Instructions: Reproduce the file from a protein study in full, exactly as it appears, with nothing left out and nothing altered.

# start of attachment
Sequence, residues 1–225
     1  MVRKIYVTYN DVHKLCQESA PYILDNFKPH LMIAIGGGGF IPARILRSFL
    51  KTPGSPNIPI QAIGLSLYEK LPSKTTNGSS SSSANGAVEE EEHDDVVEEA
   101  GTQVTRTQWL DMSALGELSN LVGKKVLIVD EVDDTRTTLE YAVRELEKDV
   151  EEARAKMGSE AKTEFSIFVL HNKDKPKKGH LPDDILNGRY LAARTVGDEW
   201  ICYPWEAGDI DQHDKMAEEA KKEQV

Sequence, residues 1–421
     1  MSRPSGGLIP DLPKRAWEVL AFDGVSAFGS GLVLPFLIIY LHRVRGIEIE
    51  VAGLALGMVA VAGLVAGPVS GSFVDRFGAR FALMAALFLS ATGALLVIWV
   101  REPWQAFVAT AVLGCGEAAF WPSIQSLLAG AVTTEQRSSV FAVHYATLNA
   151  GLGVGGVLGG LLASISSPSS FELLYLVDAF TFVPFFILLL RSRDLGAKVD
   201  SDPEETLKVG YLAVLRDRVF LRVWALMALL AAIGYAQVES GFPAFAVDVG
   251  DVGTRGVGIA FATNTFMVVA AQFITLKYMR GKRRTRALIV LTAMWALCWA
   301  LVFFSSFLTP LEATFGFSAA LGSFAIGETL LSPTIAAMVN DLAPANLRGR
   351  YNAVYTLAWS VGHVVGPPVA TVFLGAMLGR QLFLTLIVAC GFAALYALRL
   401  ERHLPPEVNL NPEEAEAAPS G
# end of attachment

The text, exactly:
Sequence, residues 1–225
     1  MVRKIYVTYN DVHKLCQESA PYILDNFKPH LMIAIGGGGF IPARILRSFL
    51  KTPGSPNIPI QAIGLSLYEK LPSKTTNGSS SSSANGAVEE EEHDDVVEEA
   101  GTQVTRTQWL DMSALGELSN LVGKKVLIVD EVDDTRTTLE YAVRELEKDV
   151  EEARAKMGSE AKTEFSIFVL HNKDKPKKGH LPDDILNGRY LAARTVGDEW
   201  ICYPWEAGDI DQHDKMAEEA KKEQV

Sequence, residues 1–421
     1  MSRPSGGLIP DLPKRAWEVL AFDGVSAFGS GLVLPFLIIY LHRVRGIEIE
    51  VAGLALGMVA VAGLVAGPVS GSFVDRFGAR FALMAALFLS ATGALLVIWV
   101  REPWQAFVAT AVLGCGEAAF WPSIQSLLAG AVTTEQRSSV FAVHYATLNA
   151  GLGVGGVLGG LLASISSPSS FELLYLVDAF TFVPFFILLL RSRDLGAKVD
   201  SDPEETLKVG YLAVLRDRVF LRVWALMALL AAIGYAQVES GFPAFAVDVG
   251  DVGTRGVGIA FATNTFMVVA AQFITLKYMR GKRRTRALIV LTAMWALCWA
   301  LVFFSSFLTP LEATFGFSAA LGSFAIGETL LSPTIAAMVN DLAPANLRGR
   351  YNAVYTLAWS VGHVVGPPVA TVFLGAMLGR QLFLTLIVAC GFAALYALRL
   401  ERHLPPEVNL NPEEAEAAPS G